The projection of global energy demand to the year 2060 is of particular interest because of its relevance to the current greenhouse concerns. The long-term growth of global energy demand in the time scale of climatic change has received relatively little attention in the public discussion of national policy alternatives. The sociological, political, and economic issues have rarely been mentioned in this context. This study emphasizes that the two major driving forces are global population growth and economic growth (gross national product per capita), as would be expected. The modest annual increases assumed in this study result in a year 2060 annual energy use of >4 times the total global current use (year 1986) if present trends continue, and >2 times with extreme efficiency improvements in energy use. Even assuming a zero per capita growth for energy and economics, the population increase by the year 2060 results in a 1.5 times increase in total annual energy use.

Starr, C. (Electric Power Research Institute, Palo Alto, CA (USA))

1989-01-01T23:59:59.000Z

171

Typical Oak Ridge cemesto houses and city bus | Y-12 National...  

Broader source: All U.S. Department of Energy (DOE) Office Webpages (Extended Search)

Typical Oak Ridge cemesto ... Typical Oak Ridge cemesto houses and city bus Typical Oak Ridge cemesto houses and city bus...

172

Forecast of U. S. Refinery Demand for NGL's (natural gas liquids) in 1978-1985  

SciTech Connect (OSTI)

A forecast of U.S. Refinery Demand for NGL's (Natural Gas Liquids) in 1978-1985 is based on a predicted 1.4%/yr decline in motor gasoline consumption from 7.4 to 6.7 million bbl/day (Mbd), including a 2.6%/yr reduction from 5.3 to 4.4 Mbd for automobiles and a 1.3%/yr growth from 2.1 to 2.3 Mbd for trucks, because of slow growth rates in the U.S. automobile fleet (1.1%/yr) and average annual miles driven (0.9%/yr), a 3.9%/yr growth in average mileage from 14.2 to 18.6 mpg, and diesel penetration to the automobile market which should increase from 0.3 to 3.3%. Leaded gasoline's share is expected to decline from 68% of the market (5.1 Mbd, including 0.8 Mbd leaded premium) to 24% (1.7 Mbd, leaded regular only), including a drop from 56 to 6% for automobiles and from approx. 100 to 60% for trucks. This will require increased production of clean-octane reformates and alkylates and reduce the need for straight-run gasolines, but because of the decline in the total gasoline demand, these changes should be minimal. Butane demand from outside-refinery production should decrease by 5-6%/yr, and natural gasoline will be consumed according to available production as an isopentane source.

Laskosky, J.

1980-01-01T23:59:59.000Z

173

U.S. Coal Supply and Demand: 2003 Review  

Gasoline and Diesel Fuel Update (EIA)

3 Review 3 Review 1 U.S. Coal Supply and Demand: 2003 Review by Fred Freme U.S. Energy Information Administration Overview U.S. coal production fell for the second year in a row in 2003, declining by 24.8 million short tons to end the year at 1,069.5 million short tons according to preliminary data from the Energy Information Administration (Table 1), down 2.3 percent from the 2002 level of 1,094.3 million short tons. (Note: All percentage change calculations are done at the short ton level.) Total U.S. coal consumption rose in 2003, with all coal-consuming sectors increasing or remaining stable for the year. Coal consumption in the electric power sector increased by 2.4 percent. However, there were only slight gains in consumption by the other sectors. U.S. coal exports rose in 2003 for the first time in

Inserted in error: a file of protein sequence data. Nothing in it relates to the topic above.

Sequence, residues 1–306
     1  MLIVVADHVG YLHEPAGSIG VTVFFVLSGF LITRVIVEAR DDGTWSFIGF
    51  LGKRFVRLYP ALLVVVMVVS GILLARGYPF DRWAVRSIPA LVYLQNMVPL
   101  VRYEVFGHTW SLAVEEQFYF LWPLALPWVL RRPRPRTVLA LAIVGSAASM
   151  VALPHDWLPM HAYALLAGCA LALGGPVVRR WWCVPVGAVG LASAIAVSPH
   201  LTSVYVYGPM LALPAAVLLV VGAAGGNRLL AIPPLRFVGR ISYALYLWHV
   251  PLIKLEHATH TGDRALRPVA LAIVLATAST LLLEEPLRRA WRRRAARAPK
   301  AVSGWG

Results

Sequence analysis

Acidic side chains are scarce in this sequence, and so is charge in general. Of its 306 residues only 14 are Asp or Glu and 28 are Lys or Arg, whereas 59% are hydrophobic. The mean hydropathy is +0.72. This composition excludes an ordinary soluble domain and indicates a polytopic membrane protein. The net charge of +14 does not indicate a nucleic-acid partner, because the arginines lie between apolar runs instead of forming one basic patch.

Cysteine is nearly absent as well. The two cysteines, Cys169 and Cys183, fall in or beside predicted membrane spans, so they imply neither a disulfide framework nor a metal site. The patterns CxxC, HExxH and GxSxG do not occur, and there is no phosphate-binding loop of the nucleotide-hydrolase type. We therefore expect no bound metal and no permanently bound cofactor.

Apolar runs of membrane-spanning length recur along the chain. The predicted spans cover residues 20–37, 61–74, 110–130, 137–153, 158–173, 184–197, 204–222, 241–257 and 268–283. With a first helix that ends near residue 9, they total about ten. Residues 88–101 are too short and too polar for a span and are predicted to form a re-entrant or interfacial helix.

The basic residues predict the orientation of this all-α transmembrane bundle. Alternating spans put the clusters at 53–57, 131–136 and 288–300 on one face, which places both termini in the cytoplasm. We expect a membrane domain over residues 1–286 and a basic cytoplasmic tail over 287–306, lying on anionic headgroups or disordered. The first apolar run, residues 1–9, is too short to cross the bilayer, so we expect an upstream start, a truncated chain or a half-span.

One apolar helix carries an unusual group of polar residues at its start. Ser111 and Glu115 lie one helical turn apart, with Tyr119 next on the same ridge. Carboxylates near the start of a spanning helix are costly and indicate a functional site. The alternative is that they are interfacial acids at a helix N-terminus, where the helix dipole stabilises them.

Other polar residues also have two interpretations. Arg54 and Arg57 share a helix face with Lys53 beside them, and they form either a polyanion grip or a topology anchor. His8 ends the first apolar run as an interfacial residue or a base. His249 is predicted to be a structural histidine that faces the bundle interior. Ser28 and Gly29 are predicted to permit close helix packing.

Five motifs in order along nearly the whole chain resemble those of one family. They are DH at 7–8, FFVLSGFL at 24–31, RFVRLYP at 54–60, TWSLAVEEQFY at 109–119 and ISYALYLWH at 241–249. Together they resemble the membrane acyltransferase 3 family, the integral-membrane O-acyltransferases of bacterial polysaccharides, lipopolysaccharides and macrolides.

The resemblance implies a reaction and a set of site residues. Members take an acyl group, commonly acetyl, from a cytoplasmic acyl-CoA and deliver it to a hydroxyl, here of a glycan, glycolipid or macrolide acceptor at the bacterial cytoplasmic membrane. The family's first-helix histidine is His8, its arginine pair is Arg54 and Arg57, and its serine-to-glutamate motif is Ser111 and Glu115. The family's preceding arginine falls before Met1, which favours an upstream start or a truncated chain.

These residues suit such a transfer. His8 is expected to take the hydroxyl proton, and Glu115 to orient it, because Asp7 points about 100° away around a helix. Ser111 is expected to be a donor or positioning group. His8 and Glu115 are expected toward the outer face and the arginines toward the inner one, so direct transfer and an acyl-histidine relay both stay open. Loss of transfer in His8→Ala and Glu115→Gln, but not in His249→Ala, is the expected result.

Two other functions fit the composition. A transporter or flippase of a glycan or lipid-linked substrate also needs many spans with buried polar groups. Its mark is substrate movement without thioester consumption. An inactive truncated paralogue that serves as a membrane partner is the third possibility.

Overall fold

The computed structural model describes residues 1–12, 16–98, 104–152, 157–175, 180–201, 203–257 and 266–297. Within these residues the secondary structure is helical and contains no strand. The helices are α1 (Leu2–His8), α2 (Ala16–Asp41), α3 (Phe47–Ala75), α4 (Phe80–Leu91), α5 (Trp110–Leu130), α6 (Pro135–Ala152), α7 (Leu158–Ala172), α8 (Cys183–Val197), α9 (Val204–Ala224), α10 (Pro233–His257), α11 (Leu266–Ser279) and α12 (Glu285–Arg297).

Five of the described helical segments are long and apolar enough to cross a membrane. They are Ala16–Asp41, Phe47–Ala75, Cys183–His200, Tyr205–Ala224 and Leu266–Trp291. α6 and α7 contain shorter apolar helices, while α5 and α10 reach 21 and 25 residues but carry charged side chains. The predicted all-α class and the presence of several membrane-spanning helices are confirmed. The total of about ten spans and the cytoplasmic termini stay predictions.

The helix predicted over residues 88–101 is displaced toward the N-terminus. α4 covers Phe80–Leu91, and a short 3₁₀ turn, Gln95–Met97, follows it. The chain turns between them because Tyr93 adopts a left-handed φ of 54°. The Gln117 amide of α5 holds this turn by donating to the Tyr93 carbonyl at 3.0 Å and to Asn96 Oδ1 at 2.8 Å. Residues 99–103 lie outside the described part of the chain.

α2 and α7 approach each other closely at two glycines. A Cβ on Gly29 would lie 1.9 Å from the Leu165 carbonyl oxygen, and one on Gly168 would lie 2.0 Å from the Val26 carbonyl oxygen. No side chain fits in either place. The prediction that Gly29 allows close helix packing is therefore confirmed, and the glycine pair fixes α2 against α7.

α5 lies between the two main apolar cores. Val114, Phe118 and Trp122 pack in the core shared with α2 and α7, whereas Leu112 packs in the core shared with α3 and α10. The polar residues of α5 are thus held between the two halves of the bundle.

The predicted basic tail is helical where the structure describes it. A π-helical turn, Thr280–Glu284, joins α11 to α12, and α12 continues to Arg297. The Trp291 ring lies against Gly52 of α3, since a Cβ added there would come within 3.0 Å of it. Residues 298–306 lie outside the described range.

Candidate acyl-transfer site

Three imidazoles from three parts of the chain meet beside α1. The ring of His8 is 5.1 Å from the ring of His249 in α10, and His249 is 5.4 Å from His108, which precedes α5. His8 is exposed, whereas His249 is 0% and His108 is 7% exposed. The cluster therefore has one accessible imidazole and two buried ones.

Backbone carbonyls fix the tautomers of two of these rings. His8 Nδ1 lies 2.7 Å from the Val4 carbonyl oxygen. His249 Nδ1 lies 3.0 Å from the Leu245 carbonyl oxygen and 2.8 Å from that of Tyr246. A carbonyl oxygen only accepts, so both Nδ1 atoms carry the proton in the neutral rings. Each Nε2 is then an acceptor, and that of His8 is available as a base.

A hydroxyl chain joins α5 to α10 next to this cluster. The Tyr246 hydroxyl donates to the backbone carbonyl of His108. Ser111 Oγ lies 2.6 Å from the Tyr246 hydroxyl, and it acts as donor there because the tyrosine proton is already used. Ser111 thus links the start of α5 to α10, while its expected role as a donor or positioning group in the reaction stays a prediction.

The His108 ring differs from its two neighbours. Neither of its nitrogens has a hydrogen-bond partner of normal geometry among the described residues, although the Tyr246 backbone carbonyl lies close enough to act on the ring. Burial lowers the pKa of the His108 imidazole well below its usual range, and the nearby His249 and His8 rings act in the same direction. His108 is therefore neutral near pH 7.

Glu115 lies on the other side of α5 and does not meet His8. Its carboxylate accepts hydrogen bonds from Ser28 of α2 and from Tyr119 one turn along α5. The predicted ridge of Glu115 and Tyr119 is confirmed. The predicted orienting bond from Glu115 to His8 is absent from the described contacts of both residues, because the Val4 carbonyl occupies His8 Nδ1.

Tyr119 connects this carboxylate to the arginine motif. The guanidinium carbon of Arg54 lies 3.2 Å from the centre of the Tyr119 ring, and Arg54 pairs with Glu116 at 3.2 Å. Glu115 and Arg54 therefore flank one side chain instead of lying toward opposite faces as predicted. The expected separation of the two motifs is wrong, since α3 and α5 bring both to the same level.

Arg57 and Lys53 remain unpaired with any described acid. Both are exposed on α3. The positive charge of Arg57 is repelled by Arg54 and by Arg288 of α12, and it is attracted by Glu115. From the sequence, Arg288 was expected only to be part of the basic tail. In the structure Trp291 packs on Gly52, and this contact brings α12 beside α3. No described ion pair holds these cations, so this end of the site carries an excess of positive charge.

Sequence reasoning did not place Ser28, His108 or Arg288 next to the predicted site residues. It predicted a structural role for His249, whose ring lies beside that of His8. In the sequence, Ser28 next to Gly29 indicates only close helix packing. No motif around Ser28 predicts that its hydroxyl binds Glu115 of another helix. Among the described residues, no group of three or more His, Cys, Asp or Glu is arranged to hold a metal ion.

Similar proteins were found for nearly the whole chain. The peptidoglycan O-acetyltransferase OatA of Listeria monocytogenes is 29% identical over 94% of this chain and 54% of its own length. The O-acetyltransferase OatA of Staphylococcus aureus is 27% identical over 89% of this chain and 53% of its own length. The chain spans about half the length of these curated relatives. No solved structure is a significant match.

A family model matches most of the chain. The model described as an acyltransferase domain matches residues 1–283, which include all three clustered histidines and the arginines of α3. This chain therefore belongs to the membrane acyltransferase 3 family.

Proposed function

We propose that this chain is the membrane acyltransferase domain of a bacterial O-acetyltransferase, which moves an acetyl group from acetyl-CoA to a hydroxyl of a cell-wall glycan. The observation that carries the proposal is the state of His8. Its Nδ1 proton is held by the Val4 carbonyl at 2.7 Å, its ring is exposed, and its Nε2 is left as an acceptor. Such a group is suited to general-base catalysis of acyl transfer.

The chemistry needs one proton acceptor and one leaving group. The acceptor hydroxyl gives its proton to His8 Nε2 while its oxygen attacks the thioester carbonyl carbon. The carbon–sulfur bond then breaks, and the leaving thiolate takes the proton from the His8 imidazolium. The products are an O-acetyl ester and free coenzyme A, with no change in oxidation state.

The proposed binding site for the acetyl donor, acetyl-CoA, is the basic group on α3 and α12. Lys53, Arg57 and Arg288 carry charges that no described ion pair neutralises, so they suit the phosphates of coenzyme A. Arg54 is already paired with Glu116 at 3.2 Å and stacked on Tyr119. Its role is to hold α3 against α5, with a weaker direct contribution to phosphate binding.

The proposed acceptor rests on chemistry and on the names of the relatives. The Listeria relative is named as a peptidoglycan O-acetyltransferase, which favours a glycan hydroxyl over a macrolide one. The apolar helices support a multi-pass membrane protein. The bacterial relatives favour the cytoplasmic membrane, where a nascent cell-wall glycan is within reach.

174

Signatures of Heating and Cooling Energy Consumption for Typical AHUs  

E-Print Network [OSTI]

An analysis is performed to investigate the signatures of different parameters on the heating and cooling energy consumption of typical air handling units (AHUs). The results are presented in graphic format. HVAC simulation engineers can use...

Wei, G.; Liu, M.; Claridge, D. E.

1998-01-01T23:59:59.000Z

175

Gearbox Typical Failure Modes, Detection, and Mitigation Methods (Presentation)  

SciTech Connect (OSTI)

This presentation was given at the AWEA Operations & Maintenance and Safety Seminar and focused on what the typical gearbox failure modes are, how to detect them using detection techniques, and strategies that help mitigate these failures.

Sheng, S.

2014-01-01T23:59:59.000Z

176

Smart microgrid operational planning considering multiple demand response programs  

Science Journals Connector (OSTI)

Microgrid (MG) is one of the important blocks in the future smart distribution systems. The scheduling pattern of MGs affects distribution system operation. Also the optimal scheduling of MGs will result in reliable and economical operation of distribution system. In this paper an operational planning model of a MG which considers multiple demand response programs is proposed. In the proposed approach all types of loads can participate in demand response programs which will be considered in either energy or reserve scheduling. Also the renewable distributed generation uncertainty is covered by reserve provided by both Distributed Generations (DGs) and responsive loads. The novelty of this paper is the demand side participation in energy and reserve scheduling simultaneously. Furthermore the energy and reserve scheduling is proposed for day-ahead and real-time. The proposed model was tested on a typical MG system and the results show that running demand response programs will reduce total operation cost of MG and cause more efficient use of resources.